Objective: To assess whether the removal of aids/devices and/or help from another person in the Childhood Health Assessment Questionnaire (C-HAQ) leads to a significant change in the disability index (DI) score and responsiveness in juvenile idiopathic arthritis (JIA).
Methods: Changes in the C-HAQ DI score in a cross-sectional sample of 2663 children with JIA and in 530 active patients with JIA in a trial of methotrexate (MTX) were compared.
Results: Patients in the MTX trial had higher disease activity and disability than the cross-sectional sample. The frequency of aids/devices (range 1.2–10.2%) was similar between the two samples, while help (range 5.3–38.1%) was more frequently used in the MTX group. Correlation between disease severity variables and the two different C-HAQ DI scoring methods did not change substantially. There was a decrease in the C-HAQ DI score for both the cross-sectional (mean score from 0.64 with the original method to 0.54 without aids/devices and help, p<0.0001) and the MTX sample (mean score from 1.23 to 1.07, p<0.0001). A linear regression analysis of the original C-HAQ DI score versus the score without aids/devices and help demonstrated the substantial overlap of the different scoring methods. Responsiveness in the responders to MTX treatment did not change with the different C-HAQ DI scoring methods (range 0.86–0.82).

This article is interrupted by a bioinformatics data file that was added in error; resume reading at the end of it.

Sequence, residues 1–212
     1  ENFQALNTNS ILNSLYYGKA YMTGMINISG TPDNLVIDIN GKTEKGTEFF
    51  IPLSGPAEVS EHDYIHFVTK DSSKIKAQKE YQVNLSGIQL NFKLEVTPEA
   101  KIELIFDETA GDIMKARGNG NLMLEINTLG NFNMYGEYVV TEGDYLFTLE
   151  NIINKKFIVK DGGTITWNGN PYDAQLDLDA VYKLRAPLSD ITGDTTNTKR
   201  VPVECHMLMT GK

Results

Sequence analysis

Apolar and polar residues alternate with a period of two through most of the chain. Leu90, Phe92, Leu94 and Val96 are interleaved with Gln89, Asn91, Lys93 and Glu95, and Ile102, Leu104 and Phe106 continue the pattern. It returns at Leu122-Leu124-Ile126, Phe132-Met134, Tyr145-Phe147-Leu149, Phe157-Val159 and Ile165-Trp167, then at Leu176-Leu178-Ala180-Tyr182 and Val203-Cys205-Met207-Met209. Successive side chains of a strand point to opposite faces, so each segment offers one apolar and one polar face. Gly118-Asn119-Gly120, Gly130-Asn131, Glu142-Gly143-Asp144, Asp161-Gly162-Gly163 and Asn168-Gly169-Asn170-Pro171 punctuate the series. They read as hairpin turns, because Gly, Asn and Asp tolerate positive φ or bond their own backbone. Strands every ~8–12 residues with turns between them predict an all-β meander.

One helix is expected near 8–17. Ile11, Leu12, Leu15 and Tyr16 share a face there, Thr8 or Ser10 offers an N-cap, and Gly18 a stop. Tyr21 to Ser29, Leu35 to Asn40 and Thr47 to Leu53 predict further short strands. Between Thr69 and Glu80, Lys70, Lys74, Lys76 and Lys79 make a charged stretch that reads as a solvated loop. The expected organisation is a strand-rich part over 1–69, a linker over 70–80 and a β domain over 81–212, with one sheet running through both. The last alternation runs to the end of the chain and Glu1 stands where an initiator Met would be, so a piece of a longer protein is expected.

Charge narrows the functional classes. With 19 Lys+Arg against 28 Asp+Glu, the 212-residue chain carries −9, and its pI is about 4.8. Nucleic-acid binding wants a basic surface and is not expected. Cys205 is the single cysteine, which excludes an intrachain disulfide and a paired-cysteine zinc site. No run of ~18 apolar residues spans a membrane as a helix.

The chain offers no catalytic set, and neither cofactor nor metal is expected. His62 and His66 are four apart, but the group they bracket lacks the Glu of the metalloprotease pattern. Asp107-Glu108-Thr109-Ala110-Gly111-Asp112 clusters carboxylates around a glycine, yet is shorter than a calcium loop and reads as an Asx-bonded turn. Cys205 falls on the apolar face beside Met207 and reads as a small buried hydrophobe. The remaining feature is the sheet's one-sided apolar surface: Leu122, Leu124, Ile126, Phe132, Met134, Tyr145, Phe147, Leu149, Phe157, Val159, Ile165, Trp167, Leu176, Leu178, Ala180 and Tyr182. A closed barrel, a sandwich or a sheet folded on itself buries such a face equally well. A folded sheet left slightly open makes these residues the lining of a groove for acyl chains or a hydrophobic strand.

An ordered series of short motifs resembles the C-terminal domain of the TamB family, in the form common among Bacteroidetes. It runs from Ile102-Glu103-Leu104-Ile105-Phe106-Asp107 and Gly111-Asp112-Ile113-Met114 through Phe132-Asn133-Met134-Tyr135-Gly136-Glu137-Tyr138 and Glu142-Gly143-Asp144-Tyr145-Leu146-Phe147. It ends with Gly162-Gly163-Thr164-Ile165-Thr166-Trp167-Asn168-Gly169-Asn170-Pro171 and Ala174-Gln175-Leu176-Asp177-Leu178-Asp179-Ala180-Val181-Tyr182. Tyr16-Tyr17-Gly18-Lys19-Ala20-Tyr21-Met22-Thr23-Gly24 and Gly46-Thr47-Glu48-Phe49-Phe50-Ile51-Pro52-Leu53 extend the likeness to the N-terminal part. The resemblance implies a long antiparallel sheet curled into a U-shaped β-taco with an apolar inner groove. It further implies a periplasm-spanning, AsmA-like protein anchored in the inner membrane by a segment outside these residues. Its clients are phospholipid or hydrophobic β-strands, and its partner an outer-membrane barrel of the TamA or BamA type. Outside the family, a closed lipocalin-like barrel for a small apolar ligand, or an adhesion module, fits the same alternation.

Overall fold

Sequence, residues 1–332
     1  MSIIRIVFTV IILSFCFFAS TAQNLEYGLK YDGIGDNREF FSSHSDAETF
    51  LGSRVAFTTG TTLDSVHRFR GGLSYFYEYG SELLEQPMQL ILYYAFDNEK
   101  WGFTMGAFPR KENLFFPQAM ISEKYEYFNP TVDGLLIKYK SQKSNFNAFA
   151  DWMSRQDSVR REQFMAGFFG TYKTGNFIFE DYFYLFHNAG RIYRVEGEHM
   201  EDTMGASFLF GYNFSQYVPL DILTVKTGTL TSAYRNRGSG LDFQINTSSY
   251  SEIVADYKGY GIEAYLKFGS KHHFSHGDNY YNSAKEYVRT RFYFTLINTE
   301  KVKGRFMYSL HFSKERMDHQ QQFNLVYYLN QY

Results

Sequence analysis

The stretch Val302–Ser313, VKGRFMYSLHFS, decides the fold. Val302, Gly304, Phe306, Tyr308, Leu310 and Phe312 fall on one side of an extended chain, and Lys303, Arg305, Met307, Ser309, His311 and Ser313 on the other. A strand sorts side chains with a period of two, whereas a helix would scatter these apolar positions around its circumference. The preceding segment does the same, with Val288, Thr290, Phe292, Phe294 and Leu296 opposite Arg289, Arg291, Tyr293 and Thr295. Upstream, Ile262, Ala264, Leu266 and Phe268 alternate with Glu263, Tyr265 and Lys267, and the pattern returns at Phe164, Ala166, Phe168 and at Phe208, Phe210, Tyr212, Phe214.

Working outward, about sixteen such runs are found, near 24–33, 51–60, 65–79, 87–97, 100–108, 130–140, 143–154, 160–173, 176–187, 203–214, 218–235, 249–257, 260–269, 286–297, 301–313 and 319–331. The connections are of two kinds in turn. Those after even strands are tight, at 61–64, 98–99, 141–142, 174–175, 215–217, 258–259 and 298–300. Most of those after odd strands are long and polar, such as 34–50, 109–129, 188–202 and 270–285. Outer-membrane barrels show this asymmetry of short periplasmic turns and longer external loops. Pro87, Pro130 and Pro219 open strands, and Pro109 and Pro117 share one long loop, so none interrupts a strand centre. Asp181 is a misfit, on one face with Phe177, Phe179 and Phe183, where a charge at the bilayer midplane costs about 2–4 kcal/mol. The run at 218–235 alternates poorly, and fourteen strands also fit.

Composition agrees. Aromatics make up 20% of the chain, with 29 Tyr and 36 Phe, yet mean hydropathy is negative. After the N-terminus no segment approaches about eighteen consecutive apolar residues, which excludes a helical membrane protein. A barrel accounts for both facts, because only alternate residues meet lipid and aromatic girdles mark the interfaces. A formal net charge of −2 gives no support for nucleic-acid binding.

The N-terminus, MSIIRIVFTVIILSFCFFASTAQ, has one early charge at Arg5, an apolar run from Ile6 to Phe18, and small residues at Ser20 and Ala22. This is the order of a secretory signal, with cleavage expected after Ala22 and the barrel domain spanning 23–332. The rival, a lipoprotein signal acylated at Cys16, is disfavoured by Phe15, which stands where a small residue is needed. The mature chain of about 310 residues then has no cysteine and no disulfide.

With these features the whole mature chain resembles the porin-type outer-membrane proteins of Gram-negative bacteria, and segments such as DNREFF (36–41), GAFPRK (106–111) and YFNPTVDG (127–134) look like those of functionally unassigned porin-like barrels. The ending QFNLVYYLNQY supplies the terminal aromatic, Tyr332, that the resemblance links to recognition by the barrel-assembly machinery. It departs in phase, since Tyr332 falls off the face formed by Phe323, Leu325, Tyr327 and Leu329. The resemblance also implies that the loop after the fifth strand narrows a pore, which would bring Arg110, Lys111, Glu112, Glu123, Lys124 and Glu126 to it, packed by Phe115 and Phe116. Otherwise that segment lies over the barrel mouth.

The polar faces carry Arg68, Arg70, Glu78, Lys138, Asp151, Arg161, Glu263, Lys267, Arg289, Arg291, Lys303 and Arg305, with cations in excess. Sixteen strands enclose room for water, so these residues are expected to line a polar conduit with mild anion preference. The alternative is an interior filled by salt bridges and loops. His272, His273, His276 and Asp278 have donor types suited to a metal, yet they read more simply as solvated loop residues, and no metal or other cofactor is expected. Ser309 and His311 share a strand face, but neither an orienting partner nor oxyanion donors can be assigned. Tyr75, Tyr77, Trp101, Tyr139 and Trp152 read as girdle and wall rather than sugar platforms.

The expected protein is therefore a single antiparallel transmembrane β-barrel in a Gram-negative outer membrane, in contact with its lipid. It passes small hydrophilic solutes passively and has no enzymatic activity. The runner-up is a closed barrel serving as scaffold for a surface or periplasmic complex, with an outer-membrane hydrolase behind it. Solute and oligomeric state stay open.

Conclusion: The removal of aids/devices and help from the C-HAQ does not alter the interpretation of disability at a group level. The simplified C-HAQ is a more feasible and valid alternative for the evaluation of disability in patients with JIA.
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Funding The project was supported by the European Union (Contract No. BMH4-983531 CA) and the IRCCS Istituto G Gaslini. CS-M was the recipient of a post-doctoral scholarship from The São Paulo State University (UNESP) for this project. CS-M and VF were recipients of a scholarship from the European Union ALFA program (Contract AML/B7-311/97/0666/II-0246-FI).
Competing interests None.
Ethics approval In each of the centres, written or verbal informed consent was obtained from a parent or legal guardian and the patient assent, if age-appropriate, according to the requirements of each local ethics committee.
Provenance and Peer review Not commissioned; externally peer reviewed.